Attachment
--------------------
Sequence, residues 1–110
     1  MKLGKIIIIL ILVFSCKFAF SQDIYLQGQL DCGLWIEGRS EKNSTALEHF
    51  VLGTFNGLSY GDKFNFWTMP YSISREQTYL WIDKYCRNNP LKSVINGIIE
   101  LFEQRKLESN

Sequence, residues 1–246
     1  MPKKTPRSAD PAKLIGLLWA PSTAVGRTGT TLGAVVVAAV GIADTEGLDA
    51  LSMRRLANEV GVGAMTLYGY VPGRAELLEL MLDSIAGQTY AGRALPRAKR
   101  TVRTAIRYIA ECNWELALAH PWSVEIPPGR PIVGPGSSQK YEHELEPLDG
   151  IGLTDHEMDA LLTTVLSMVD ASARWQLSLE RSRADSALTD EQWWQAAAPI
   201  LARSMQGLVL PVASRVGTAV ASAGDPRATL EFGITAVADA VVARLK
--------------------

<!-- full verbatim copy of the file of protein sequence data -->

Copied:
Sequence, residues 1–110
     1  MKLGKIIIIL ILVFSCKFAF SQDIYLQGQL DCGLWIEGRS EKNSTALEHF
    51  VLGTFNGLSY GDKFNFWTMP YSISREQTYL WIDKYCRNNP LKSVINGIIE
   101  LFEQRKLESN

Sequence, residues 1–246
     1  MPKKTPRSAD PAKLIGLLWA PSTAVGRTGT TLGAVVVAAV GIADTEGLDA
    51  LSMRRLANEV GVGAMTLYGY VPGRAELLEL MLDSIAGQTY AGRALPRAKR
   101  TVRTAIRYIA ECNWELALAH PWSVEIPPGR PIVGPGSSQK YEHELEPLDG
   151  IGLTDHEMDA LLTTVLSMVD ASARWQLSLE RSRADSALTD EQWWQAAAPI
   201  LARSMQGLVL PVASRVGTAV ASAGDPRATL EFGITAVADA VVARLK